Very enthusiastic and diverse audience of research scientists and friends, as always – and old friends from previous years. As usual, an inverse relation between the number of phds and the number understanding Greg’s instruction to rotate the set of four through 90 degrees (to be fair, most audiences struggle with this …).
Here they are stripping the willow in the Virginia Reel.
John the piper piped in the haggis and delivered the Address to a haggis, as in previous years, his performative elucidation of Burns’ Scots dialect as expressive as ever, particularly the Crocodile Dundee flourish of his sgian dubh!
The supper was very tasty, as ever – haggis, neaps and tatties, sticky toffee pudding with whisky custard.
We heard a couple of new jokes from Greg. We enjoyed – “There are many versions of the eightsome reel – and this is no exception.”
Andrew gave a spirited rendition of Paddy McGinty’s Goat in the Belfast Duck hornpipe; then fell victim to a violent fit of the giggles calling The Willow Tree, after joking that the dance formation of the willow tree bore an uncanny resemblance to the real thing.
The crowd danced till midnight, finishing with the Drops of Brandy. It gets faster every time. No time for Auld Lang Syne …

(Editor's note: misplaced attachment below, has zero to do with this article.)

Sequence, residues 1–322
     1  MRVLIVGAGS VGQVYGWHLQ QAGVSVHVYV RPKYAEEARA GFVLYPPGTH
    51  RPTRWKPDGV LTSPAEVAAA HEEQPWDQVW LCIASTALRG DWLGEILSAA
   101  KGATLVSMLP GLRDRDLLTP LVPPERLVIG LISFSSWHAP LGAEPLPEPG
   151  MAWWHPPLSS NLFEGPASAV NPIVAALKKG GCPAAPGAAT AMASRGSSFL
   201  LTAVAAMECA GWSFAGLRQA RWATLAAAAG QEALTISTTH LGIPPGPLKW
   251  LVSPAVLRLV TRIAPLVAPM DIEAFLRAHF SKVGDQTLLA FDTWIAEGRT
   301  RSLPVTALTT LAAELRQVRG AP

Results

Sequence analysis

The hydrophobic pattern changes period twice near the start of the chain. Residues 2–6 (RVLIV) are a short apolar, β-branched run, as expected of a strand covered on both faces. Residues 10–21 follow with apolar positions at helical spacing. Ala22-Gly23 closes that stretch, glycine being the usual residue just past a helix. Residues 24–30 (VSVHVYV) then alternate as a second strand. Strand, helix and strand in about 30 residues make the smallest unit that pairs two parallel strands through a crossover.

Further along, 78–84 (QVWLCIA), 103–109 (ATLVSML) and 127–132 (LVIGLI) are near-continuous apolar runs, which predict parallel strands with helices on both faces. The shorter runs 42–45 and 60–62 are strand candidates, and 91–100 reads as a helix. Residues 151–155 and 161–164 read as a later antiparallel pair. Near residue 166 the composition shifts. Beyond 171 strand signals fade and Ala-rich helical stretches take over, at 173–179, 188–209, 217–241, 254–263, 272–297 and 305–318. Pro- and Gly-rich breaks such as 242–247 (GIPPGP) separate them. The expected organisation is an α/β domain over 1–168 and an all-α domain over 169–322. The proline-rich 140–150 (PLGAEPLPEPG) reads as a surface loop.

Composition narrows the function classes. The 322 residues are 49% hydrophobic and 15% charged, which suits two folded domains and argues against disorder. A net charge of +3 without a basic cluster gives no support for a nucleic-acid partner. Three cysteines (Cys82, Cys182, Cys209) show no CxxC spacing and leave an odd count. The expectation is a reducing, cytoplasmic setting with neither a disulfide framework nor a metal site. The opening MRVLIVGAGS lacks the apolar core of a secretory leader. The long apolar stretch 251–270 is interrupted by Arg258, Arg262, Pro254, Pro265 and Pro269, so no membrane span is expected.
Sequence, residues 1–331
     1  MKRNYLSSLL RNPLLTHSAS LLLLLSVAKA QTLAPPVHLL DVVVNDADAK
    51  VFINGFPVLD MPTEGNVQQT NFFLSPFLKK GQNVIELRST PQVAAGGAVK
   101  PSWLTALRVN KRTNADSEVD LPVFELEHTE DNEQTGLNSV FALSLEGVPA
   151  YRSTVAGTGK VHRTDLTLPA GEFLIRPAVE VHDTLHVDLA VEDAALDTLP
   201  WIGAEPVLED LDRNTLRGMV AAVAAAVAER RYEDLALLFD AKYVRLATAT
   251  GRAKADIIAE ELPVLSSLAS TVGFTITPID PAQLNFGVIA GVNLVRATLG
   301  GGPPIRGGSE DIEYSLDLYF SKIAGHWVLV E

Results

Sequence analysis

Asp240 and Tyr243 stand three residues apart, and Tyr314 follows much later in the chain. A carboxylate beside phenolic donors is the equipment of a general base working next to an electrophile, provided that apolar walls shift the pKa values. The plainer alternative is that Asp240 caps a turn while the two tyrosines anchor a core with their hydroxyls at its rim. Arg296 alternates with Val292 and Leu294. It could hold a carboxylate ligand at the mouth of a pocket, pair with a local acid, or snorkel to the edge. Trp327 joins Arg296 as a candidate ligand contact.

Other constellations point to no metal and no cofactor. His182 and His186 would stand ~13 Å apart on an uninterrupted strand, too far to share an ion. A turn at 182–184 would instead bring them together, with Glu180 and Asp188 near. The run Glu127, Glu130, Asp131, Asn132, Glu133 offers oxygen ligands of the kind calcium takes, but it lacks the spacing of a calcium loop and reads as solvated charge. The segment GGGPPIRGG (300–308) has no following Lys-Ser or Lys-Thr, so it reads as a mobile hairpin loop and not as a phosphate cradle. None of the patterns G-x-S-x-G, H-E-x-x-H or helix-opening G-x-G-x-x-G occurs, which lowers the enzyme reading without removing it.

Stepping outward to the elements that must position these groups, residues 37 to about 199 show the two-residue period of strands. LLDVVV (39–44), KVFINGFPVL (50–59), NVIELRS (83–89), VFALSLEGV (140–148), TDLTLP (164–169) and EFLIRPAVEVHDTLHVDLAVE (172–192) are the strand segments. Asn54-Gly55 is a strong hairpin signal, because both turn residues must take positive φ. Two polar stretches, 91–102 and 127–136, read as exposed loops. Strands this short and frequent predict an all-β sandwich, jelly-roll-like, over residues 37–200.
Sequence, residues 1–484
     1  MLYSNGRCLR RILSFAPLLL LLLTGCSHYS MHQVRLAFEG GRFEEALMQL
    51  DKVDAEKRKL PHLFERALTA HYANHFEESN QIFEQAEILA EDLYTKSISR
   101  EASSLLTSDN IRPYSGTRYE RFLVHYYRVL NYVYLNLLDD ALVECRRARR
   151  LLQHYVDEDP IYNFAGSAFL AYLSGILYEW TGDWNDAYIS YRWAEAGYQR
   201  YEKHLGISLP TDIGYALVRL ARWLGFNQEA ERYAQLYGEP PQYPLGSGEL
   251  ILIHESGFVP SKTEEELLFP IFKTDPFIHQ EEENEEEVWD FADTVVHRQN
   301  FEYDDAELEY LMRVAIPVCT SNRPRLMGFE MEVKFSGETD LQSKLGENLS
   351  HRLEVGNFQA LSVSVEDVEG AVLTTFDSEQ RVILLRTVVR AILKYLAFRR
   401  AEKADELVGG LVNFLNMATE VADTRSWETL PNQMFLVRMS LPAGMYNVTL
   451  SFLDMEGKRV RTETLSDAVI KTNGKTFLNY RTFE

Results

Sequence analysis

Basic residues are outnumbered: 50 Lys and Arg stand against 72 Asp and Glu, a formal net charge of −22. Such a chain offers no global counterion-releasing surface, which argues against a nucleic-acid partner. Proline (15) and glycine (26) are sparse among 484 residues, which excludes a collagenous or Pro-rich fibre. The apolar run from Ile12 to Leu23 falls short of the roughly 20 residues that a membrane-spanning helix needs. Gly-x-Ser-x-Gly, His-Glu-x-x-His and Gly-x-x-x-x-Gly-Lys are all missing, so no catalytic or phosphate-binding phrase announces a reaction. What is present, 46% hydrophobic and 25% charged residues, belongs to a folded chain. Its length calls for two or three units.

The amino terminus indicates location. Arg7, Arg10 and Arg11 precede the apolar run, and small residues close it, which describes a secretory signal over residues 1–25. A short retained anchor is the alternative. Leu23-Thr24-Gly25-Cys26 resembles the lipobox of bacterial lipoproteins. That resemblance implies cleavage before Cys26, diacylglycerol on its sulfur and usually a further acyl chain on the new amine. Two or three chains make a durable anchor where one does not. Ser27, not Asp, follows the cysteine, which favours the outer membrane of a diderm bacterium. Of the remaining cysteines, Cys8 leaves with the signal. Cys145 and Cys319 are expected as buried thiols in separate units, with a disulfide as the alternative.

And a very nice couple bought two CDs! Happy Burns Night! And thanks as ever to Neil – lovely to see you again.
A return visit to the sprightly Nordic Walkers group! Very sprightly as it turned out – their oldest member at 91 completed the dipping and diving sequence in the Waves of Tory with time for a swing, which we haven’t seen for a very long time!
Here they are, stripping the willow in the Drops of Brandy.
Greg’s jokes took on a slightly surreal twist, while his instruction to turn heads not bodies in the reverse charge in the Cumberland Square Eight sounded like something out of The Exorcist, whose author had died the day before ….
Here”s Mike, no doubt enjoying an infelicitous moment in one of the walkthroughs …
The staff’s Christmas bash, masterminded by Matt Blaney in the very lovely Radegund Hall. Overlooked by the Nine Muses stained glass panel, we did our best to boost the festive cheer. They all danced with considerable gusto, including the Head, Mark Patterson, so it all went with a swing (literally!). Here’s a lively basket in the Cumberland Square Eight.
Andrew’s partner Jenny, deputy principal at the school, treated the band to a tasty mix of little pork pies, shandy and chocolate puddings, which kept us happy for the second half.
David and Mike nailed a thumping rhythm section for the Waves of Tory (the Redheugh Library Jig/Trip to Carlisle, and the slipjigs for the Drops of Brandy.
And we were delighted to see a surprise guest – the immortal Dick Brading of the Cambridge Crofters, stepping his way through the dances like a young’un.